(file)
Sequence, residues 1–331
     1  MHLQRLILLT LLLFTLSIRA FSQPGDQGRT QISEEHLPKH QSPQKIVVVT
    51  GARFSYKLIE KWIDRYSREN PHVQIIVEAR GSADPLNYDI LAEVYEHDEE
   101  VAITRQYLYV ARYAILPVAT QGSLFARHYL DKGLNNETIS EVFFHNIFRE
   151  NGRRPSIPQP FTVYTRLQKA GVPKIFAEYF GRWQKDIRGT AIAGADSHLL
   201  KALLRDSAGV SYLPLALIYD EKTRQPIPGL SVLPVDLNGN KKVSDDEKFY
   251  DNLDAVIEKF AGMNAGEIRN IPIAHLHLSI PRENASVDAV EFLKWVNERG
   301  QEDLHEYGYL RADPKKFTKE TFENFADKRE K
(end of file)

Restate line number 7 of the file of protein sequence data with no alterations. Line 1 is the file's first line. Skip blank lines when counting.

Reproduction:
   251  DNLDAVIEKF AGMNAGEIRN IPIAHLHLSI PRENASVDAV EFLKWVNERG